Another example of card advantage: If Player B is using Lance and he casts a Anklebreaker, he can immediately use it on his opponent's brutalis, reducing the brutalis to 0 attack and hence neutralizing the threat. The Anklebreaker still have 3 Durability left and hence can be used to neutralize or affect other allies that his opponent is going to play or are in play. That's a gain in card advantage.

It also slows the pace and tempo of Player B's opponent. Any successful attempt at impeding your opponent's progress is always good because that would mean a relative gain in speed for you. This has to do with board advantage and this example will be revisited later to discuss board advantage more in detail.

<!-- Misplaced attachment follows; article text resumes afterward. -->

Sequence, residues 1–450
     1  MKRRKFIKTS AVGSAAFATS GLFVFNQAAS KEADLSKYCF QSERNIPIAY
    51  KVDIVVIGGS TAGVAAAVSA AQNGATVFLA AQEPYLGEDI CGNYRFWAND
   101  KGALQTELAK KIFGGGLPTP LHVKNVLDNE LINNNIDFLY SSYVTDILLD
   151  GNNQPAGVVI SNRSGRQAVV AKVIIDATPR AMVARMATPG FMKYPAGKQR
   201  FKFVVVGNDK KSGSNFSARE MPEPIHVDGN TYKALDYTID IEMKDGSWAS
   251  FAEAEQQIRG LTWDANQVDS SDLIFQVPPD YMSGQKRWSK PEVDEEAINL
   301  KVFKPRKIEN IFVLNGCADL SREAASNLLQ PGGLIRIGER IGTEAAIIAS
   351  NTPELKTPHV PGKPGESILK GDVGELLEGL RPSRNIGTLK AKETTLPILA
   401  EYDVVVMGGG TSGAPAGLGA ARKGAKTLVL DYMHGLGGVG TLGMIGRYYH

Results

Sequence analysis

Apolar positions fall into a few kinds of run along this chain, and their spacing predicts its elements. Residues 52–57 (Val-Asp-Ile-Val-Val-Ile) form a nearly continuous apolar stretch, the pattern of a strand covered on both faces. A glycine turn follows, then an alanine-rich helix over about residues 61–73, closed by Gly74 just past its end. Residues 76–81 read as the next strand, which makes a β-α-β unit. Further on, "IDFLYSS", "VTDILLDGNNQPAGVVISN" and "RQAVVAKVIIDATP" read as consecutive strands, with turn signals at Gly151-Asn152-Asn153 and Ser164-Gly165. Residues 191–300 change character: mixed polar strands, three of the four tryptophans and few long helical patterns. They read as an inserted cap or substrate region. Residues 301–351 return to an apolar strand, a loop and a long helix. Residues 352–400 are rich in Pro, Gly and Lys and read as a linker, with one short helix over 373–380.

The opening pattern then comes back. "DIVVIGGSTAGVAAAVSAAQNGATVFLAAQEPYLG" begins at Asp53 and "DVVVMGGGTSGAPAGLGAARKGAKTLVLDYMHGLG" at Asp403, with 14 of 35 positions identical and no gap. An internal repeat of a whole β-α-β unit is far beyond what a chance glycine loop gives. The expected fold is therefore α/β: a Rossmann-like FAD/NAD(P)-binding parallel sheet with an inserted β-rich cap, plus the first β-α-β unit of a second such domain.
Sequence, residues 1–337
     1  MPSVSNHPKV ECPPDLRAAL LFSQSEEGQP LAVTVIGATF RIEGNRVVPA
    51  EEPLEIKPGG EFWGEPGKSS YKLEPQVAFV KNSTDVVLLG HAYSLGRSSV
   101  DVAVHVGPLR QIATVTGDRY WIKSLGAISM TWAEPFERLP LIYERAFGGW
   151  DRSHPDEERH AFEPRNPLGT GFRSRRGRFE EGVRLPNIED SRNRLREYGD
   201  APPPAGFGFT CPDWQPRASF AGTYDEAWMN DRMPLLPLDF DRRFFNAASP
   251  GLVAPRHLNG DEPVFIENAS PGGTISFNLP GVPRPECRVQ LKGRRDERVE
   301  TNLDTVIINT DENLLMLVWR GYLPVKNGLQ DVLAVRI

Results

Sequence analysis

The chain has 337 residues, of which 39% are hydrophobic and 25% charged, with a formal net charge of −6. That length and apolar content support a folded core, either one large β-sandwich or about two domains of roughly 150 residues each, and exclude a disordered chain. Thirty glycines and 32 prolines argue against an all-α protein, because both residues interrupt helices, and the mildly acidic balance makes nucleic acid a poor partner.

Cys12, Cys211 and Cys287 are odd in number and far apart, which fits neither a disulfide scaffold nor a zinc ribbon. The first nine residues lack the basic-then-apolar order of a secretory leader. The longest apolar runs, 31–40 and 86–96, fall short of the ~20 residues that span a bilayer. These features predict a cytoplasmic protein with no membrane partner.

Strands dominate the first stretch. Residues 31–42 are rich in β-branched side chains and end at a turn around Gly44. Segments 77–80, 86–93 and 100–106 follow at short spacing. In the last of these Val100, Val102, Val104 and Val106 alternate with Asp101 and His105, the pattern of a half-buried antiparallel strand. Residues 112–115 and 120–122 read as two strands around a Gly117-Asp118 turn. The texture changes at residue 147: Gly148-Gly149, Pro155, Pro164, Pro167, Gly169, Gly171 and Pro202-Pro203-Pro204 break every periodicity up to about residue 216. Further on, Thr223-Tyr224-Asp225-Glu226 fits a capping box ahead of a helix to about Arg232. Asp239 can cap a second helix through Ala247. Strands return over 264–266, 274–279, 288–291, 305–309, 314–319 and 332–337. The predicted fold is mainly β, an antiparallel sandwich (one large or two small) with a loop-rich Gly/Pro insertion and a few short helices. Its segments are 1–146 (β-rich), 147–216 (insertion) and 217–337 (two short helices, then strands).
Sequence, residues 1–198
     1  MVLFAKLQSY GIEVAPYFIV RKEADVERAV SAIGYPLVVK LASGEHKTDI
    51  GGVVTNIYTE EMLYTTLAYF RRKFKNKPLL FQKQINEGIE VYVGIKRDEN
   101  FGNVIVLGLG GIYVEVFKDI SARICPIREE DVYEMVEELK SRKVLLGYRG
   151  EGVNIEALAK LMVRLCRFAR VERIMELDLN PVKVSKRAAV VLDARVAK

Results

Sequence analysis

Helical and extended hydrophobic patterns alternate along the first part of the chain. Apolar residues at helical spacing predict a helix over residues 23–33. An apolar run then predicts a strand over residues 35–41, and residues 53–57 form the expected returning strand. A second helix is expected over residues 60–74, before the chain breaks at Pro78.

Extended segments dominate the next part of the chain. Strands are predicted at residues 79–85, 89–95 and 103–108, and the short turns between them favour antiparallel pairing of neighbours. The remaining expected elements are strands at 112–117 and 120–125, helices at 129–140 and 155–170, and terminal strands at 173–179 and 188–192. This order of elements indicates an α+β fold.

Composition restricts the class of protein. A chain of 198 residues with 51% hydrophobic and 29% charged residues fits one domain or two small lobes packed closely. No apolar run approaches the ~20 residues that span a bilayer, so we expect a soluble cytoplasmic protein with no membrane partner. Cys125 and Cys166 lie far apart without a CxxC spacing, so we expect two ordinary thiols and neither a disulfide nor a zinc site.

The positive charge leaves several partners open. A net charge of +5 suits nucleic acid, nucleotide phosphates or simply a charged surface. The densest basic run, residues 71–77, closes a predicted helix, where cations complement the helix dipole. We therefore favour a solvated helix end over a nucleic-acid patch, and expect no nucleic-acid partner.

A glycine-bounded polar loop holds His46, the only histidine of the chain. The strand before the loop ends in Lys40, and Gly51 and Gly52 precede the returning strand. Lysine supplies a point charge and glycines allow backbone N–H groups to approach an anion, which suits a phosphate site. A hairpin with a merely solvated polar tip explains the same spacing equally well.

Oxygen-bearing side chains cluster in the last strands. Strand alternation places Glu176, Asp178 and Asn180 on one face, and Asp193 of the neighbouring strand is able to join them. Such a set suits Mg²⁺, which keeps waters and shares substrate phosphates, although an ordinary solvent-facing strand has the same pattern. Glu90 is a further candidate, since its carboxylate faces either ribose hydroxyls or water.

Yet another example, a good one: Say Player C cast a Jasmine on turn 4, on Player D's turn, he (Hero:Amber) plays a Dimension Ripper using 5 resources and activates Amber's ability, increasing the Ripper's damage to 4. He attacks the Jasmine with it and kills her. Due to Dimension Ripper's effect, Player D gained a card but so did Player C.

What has happened so far? Player C used 3 resources and introduced a threat in the form of Jasmine. Player D was able to neutralize the threat by casting a Ripper with 5 resources and using up 3 Shadow Energy. The trade is worth it; at least in mathematical terms (see premise 6). The Jasmine failed to deal any damage; she also failed to stay alive to use her ability on any allies that Player D might have. AND, Player D has a enhanced 4-damage Ripper that still have 2 more durability left, i.e. still a threat to Player C.